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The fact that every day is washing day for many families means that, collectively, we are expending far more energy, water and detergent on our laundry than ever before in history. None of these are good for the environment – particularly the detergents, which are often derived from rather unappealing petroleum by-products. Nevertheless, many companies produce eco-friendly alternatives, which can be just as effective and rarely cost much more than your usual brand.

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60-second green guide

  • If using a mainstream brand, choose a washing powder over a liquid. Concentrated powder is better than standard powder
  • Use soap-based detergents, or ones with a high soap content
  • Vegetable-based surfactants are better than petrochemical-based ones
  • Use a product without phosphates, phosphonates or carboxylates
  • Make eco-products work better in hard water areas by using a water softener
  • Choose a low wash temperature, or select the ‘economy’ cycle

The mega-wash companies Procter & Gamble and Lever Brothers churn over 84 per cent of the British clothes that are washed every day. Their research and development divisions are masters at devising new and impressive-sounding formulations for their products, dazzling people with promises of whiter and whiter whites. While performance and value for money are undoubtedly important, most of the things put in the average British wash simply don’t need the highest level of performance. As small, environmentconscious companies often point out, most of our clothes just require gentle freshening up – not full-scale decontamination.

Ingredients to watch

Detergents from the mega-wash companies are more likely to contain petroleum-based surfactants, which can take many years to biodegrade. Look for vegetable-based alternatives, and avoid detergents that contain other chemical ingredients such as phosphates, phosphonates and carboxylates. Phosphates are a known cause of eutrophication, a process that disrupts the natural balance of rivers and streams and can cause problems for fish and other wildlife.

Enzymes used in detergents are not directly bad for the environment, but have in the past been reported to cause problems for workers in the factories making them. The good news is that these problems have been almost entirely eradicated in recent years.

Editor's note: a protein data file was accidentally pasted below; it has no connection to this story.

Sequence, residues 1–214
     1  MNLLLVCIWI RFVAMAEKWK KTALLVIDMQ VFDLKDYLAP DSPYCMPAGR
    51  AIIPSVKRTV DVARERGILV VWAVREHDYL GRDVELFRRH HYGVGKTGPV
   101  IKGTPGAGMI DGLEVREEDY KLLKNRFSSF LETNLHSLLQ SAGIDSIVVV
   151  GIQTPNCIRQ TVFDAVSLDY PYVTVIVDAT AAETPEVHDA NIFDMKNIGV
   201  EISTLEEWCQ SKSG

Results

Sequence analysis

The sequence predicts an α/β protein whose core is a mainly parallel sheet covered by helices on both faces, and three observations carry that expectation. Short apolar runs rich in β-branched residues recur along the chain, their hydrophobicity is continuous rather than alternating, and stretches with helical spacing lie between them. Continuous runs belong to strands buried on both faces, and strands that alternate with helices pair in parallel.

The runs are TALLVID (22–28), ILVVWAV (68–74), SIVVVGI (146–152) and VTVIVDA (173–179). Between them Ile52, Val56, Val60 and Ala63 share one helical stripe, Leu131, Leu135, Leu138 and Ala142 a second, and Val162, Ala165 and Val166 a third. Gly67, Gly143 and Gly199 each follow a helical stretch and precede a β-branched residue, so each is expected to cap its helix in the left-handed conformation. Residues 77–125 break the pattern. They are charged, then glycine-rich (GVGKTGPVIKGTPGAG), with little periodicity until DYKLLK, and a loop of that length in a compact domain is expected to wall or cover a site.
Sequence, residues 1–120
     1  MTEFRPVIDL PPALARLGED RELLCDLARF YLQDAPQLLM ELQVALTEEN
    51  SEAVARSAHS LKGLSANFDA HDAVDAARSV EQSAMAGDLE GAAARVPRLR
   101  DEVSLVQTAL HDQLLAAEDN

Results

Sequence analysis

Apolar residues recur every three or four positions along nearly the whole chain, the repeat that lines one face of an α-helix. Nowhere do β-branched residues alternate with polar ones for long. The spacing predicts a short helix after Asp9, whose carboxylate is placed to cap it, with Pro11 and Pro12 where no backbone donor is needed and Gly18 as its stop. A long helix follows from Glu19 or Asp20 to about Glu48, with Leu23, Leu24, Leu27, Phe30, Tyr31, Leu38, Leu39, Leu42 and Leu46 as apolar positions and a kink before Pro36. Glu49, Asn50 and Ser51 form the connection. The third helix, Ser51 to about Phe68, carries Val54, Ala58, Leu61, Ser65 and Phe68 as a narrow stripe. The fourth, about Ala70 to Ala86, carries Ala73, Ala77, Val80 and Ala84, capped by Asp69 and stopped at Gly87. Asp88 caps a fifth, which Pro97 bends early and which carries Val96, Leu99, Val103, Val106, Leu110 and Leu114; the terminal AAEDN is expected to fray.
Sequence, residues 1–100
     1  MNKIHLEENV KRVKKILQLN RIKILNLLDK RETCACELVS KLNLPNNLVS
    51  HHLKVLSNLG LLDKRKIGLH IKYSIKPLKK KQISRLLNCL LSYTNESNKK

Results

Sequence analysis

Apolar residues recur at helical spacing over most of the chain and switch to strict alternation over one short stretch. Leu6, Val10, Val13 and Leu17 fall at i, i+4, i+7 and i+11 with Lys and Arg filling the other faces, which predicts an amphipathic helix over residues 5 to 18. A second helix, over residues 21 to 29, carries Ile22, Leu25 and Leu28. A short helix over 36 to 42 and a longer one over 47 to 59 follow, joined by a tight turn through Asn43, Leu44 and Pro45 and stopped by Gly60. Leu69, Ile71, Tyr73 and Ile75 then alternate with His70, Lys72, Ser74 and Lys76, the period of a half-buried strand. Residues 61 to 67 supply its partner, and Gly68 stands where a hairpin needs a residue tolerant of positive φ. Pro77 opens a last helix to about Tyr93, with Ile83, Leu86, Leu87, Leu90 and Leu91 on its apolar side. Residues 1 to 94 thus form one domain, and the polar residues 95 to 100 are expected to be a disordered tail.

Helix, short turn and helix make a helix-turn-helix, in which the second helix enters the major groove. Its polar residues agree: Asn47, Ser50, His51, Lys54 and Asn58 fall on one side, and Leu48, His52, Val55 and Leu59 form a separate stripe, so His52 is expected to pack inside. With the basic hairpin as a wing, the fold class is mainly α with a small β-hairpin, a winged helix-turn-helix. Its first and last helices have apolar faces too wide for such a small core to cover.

Ecological brands including Ecover and Bio-D dispense with the most environmentally damaging ingredients found in the mega-wash products, particularly the petrochemical-based surfactants. Many of their products are certified by BUAV and the Vegan Society, so look out for the logos on their packaging. Some users find eco-friendly brands less efficient at removing the most stubborn stains, but their eco-credentials balance out the occasional use of something stronger!

Other innovations

Some companies such as Ecover have begun to offer a refilling facility, so that the bottles of their ethical laundry detergents do not have to be thrown away when empty. The sellers (such as a specialist shops and health food stores) are provided with a supply of the product so that customers can return their bottles to the nearest available outlet and fill them back up. As most detergent packaging is not suitable for recycling, this is a significant step in reducing the amount of household waste produced.

Also available are products that claim to reduce the amount of laundry detergent required, or to remove the need for it altogether. Some work using enzymes, while others help to soften the water in the washing machine. Reception to these innovations has been mixed, with some saying that the products have lower stain-removing power, but they are nevertheless worth researching.

For most clothes, The Good Shopping Guide recommends a combination of Ecover/Bio-D or an equivalent eco-friendly detergent, plus a quarterly wash in biological powder for the dirtiest items. This will provide the best possible trade-off between efficiency and environmental impact.

Ethical Comparison – Laundry Detergents Detailed Rankings Table

Buy our detailed Ethical Research Reports. See the findings behind companies’ ethical ratings, as featured in The Good Shopping Guide. Several different product sectors available covering hundreds of consumer brands.

We have created ethical comparison rankings for the following brands, based on the activities of the company group (see above tables): Bio-D, Clear Spring, Ecover, ACDO, Advance, Co-op, Cyclon, Login, Novon, Surcare, Persil, Surf, Ariel, Bold, Daz, Dreft, Fairy

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